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Two of the province’s most famous products are the renowned pu-erh tea which was traditionally grown in Ning’er; as well as Xuanwei ham, which is often used to flavor stewed and braised foods in Chinese cuisine and for making the stocks and broths of many Chinese soups. The most famous dish is Guo Qiao Mi Xian or Crossing the Bridge Noodles. (You can find the legend of the origin of the dish and a recipe here: https://www.bookofdaystales.com/beijing-opera/ )The dish is served with a large bowl of boiling hot broth and the soup ingredients separate. The soup ingredients are served on a cutting board or plate and include raw vegetables and lightly cooked meats. Common ingredients include thin slices of ham, chunks of chicken, chicken skin, strips of bean curd sheets, chives, sprouts and rice noodles. Once added into the broth, it cooks quickly with a layer of chicken fat and oil glistening on top. The soup takes a few minutes to cook, and it is then spooned out into small bowls.


The noodle used in this and other soups is mi xian. The processing of mi xian in Yunnan is unique, involving a fermentation process. It is made from non-glutinous rice and is typically sold fresh rather than dried. At some street stalls in Kunming you can watch noodle makers at work as I did just yesterday.


Fresh mi xian smells fragrant, different from other kinds of rice noodle in China and Asia. Mi xian is served in various ways, typically either in broth or stir-fried. When mi xian is served in broth in Yunnan restaurants, it is common for a range of individual condiments to be presented for the customer to add to their bowl themselves. Condiments typically include chile pepper (diced fresh chlle plus at least one or two prepared chile pastes, often mixed with oil), diced fresh chile, cilantro, garlic, pepper (both regular pepper and powdered or whole Szechuan pepper), salt, spring onion, soy sauce, tomato, vinegar and zhe’ergen (a spicy root common to southwestern China). At noodle stands in markets, customers are given bowls and can pick the ingredients they want from a huge array of meats and vegetables. These are then added to boiling broth with noodles. Without doubt, soup noodles in general are my favorite food and Yunnan style is hard to beat. I am really in my element here.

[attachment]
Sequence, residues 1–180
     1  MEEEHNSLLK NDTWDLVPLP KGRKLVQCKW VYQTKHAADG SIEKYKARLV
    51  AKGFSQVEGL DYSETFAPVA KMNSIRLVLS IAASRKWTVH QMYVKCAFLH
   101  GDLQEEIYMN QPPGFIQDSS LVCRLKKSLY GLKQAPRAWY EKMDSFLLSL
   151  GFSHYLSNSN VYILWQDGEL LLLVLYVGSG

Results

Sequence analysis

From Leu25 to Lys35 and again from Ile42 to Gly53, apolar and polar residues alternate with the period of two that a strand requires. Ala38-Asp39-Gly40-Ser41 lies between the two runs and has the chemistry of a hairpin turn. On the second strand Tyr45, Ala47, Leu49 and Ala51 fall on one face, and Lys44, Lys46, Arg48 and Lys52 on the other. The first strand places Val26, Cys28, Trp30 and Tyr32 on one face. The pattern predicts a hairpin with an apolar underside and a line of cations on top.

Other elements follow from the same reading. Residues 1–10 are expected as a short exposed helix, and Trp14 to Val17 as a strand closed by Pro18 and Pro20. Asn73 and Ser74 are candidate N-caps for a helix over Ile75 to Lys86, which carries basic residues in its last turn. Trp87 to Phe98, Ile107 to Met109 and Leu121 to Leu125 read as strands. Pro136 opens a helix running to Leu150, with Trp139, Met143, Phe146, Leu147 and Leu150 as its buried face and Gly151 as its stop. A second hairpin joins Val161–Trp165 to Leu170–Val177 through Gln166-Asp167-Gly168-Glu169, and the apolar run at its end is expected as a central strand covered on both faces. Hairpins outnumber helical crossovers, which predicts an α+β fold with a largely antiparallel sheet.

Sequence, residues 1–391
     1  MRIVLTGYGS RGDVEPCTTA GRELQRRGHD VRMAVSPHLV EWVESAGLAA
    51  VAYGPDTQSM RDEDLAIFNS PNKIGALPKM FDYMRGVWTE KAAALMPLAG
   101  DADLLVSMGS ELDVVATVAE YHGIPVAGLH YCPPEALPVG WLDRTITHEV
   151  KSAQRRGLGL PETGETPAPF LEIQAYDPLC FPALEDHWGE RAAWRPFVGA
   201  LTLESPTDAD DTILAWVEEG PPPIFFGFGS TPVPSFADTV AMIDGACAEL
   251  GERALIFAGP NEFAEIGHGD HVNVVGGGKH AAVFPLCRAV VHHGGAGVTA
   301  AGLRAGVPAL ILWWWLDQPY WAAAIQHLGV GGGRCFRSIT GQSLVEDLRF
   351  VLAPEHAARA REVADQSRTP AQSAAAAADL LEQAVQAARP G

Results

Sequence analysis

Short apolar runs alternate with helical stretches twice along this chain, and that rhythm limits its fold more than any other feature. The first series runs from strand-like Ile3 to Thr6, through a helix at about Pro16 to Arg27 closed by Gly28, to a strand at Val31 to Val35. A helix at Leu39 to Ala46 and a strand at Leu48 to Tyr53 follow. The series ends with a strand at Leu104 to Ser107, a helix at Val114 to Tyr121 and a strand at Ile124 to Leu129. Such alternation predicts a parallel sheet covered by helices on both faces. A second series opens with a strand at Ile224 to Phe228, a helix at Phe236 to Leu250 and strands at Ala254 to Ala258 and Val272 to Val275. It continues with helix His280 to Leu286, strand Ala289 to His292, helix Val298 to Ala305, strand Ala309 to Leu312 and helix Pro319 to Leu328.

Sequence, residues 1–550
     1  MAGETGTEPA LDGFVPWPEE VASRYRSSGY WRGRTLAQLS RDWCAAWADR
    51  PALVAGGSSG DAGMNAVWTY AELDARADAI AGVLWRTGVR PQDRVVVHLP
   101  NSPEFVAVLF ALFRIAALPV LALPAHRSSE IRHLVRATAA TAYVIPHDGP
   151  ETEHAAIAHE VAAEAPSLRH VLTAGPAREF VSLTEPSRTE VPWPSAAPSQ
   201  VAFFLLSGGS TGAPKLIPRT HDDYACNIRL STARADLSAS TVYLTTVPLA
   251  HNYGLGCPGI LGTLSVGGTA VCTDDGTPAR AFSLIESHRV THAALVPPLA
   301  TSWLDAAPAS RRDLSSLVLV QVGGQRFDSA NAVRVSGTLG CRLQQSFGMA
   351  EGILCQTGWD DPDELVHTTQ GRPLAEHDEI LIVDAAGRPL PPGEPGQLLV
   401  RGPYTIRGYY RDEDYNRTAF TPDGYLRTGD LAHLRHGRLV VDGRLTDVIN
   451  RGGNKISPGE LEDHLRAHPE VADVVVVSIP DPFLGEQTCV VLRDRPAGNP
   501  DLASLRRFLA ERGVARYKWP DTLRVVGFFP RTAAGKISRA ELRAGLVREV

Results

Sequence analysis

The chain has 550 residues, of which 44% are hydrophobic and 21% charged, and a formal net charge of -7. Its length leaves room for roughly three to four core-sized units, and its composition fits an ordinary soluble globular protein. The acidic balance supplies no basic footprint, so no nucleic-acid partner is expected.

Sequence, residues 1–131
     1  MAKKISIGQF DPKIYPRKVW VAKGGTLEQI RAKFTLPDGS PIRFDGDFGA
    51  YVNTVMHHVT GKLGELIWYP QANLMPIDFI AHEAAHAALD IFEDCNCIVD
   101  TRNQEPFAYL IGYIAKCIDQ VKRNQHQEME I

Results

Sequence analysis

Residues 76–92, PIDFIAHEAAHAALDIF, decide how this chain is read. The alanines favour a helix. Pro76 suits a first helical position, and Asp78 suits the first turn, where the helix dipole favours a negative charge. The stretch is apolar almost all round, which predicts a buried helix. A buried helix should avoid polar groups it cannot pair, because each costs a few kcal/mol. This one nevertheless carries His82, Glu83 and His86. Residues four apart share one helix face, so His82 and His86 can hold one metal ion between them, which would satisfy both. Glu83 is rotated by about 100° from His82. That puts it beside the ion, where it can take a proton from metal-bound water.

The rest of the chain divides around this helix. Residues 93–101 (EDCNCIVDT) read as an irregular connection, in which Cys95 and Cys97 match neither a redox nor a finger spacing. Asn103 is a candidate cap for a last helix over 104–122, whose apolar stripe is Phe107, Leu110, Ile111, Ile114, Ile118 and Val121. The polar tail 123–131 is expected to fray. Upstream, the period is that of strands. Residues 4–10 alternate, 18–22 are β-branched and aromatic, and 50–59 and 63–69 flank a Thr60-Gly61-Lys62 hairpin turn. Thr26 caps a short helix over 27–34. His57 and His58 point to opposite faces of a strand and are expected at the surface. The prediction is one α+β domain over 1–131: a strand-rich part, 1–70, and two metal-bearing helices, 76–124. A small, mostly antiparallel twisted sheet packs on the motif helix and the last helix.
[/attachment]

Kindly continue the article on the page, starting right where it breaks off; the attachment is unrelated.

Adzuki beans, known locally as hong dou, have been used in Yunnan cooking for millennia. Here is a modified Yunnan recipe for stir fried adzuki beans and mushrooms. Obviously you cannot get Yunnan mushrooms (he said with a touch of glee) but do the best that you can. I’ve found that quite often I could get a variety of Chinese mushrooms in barrio chino in Buenos Aires, so I am sure you can find something appropriate if you hunt around Asian markets.

Stir Fried Adzuki Beans and Mushrooms


1 cup dried azuki beans, soaked in water overnight and drained
4 tbps oil
4 green onions (both white and green parts) sliced into two centimeter pieces
1 red or green bell pepper, diced into two centimeter chunks
2 fresh red or green chiles, seeded and diced
5 cloves garlic, minced
1-inch piece of ginger, peeled and minced
15 assorted mushrooms, thinly sliced
5 tbsps soy sauce
2 tbsps sesame oil
½ tsp Szechuan pepper (or to taste)
2 tbps sugar


Place the pre-soaked beans in a saucepan and cover with several inches of fresh water. Bring to a boil. Reduce heat to low, cover, and simmer for 40 minutes or until the beans are tender and their skins start to separate. My usual test is to pick out a spoonful of beans and blow on them. If the skins split, they are ready. Drain the water off, and then crush some of the beans lightly with the back of a wooden spoon. Set aside.

Heat oil in a large wok over a medium high flame. Add the green onions, chiles, garlic, and ginger and stir-fry for 30 seconds. Add the mushrooms and peppers, and stir-fry for two more minutes until the mushrooms and peppers begin to soften.

Turn the heat down to medium-low and add the beans. Stir in the soy sauce, sesame oil, Szechuan pepper, and sugar. Simmer until the liquid has reduced enough to make the mixture fairly dry. Transfer to a serving dish.

Serve with plain boiled rice.

Serves 4